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  1. Mare (folklore) - Wikipedia › wiki › Mare_(folklore)

    A mare (Old English: mære, Old Dutch: mare, Proto-Slavic *mara; mara in Old High German, Old Norse, and Swedish) is a malicious entity in Germanic and Slavic folklore that rides on people's chests while they sleep, bringing on nightmares.

  2. Ukrainians - Wikipedia › wiki › Ukrainians

    In the 9th century the Varangians from Scandinavia conquered the proto-Slavic tribes on the territory of today's Ukraine, Belarus, and western Russia and laid the groundwork for the Kyivan Rus state. The ancestors of the Ukrainian nation such as Polianians had an important role in the development and culturalization of Kyivan Rus state.

  3. Serbia - Wikipedia › wiki › Serbia

    *Sŕby), one from a Proto-Slavic language with an appellative meaning of a "family kinship" and "alliance", while another from an Iranian-Sarmatian language with various meanings. [11] [13] In his work, De Administrando Imperio , Constantine VII Porphyrogenitus suggests that the Serbs originated from White Serbia near Francia .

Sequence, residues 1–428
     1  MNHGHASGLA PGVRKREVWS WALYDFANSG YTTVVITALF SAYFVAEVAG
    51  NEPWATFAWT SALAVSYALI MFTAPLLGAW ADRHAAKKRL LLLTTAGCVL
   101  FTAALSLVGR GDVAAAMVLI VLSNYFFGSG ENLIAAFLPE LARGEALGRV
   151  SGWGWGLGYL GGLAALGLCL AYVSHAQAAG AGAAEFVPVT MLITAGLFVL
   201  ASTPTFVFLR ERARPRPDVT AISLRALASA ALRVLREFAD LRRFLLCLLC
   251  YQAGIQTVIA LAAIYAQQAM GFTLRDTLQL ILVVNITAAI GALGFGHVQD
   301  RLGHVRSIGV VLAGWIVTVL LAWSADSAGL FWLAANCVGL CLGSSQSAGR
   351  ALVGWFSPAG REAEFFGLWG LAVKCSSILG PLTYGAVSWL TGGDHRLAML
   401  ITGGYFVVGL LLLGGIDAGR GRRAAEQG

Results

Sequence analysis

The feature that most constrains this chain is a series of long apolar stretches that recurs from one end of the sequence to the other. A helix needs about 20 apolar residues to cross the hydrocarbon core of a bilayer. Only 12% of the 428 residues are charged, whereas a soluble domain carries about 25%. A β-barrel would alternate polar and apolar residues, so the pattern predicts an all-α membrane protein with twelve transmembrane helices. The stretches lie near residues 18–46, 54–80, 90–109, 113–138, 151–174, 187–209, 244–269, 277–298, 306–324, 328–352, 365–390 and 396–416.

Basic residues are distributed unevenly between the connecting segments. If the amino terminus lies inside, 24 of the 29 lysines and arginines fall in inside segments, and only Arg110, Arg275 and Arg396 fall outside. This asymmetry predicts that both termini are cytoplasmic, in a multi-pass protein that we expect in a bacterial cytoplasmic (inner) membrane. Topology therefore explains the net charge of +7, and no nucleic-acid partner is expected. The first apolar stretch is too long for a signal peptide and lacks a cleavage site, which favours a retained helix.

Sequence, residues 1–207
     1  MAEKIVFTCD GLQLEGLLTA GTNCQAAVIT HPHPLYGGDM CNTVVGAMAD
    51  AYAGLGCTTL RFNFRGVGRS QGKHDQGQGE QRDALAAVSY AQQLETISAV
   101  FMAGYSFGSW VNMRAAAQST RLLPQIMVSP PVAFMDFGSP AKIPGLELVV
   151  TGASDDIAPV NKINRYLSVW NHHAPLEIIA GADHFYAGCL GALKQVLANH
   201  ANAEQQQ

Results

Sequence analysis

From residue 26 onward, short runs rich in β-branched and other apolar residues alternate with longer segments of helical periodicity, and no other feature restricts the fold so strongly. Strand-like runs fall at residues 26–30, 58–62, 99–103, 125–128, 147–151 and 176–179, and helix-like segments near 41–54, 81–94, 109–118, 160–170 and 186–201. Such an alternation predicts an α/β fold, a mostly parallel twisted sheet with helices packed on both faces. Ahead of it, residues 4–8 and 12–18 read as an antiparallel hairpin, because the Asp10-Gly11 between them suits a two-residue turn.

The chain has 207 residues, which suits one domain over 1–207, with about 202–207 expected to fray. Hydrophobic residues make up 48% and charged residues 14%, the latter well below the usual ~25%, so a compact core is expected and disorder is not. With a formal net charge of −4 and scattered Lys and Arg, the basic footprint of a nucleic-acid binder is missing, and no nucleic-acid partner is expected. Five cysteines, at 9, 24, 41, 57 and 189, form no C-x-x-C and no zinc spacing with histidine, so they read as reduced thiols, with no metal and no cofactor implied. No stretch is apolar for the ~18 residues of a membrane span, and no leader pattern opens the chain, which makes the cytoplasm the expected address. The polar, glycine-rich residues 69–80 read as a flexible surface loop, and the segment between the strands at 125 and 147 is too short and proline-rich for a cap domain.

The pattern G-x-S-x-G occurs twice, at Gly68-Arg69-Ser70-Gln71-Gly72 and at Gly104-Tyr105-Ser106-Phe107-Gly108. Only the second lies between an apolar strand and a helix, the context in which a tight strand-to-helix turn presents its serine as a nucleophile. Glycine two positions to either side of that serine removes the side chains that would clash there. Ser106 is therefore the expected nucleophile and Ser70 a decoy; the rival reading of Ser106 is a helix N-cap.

4. ban - Wiktionary › wiki › ban

    Apr 12, 2021 · (transitive, intransitive) To curse; to utter curses or maledictions. {RQ:Scott Waverley|passage=:“I seldom ban, sir,” said he to the man; “but if you play any of your hound's-foot tricks, and leave puir Berwick before he's sorted, to rin after spuilzie, deil be wi' me if I do not give your craig a thraw”

  5. da - Wiktionary › wiki › da

    Mar 15, 2021 · From a Slavic language (e.g. Bulgarian, Serbo-Croatian, Russian; or rather a loan from a Common Slavic before the emergence of distinct modern languages), from Proto-Slavic *da. Cf. also the word's presence in other non-Slavic tongues such as Greek δά (dá), although very rarely used.

  6. 1982, Steven King, The Dark Tower: The Gunslingerː After the meal, he rinsed the cans from which they had eaten (marveling again at his own water extravagance), and when he turned around, Jake was asleep again.

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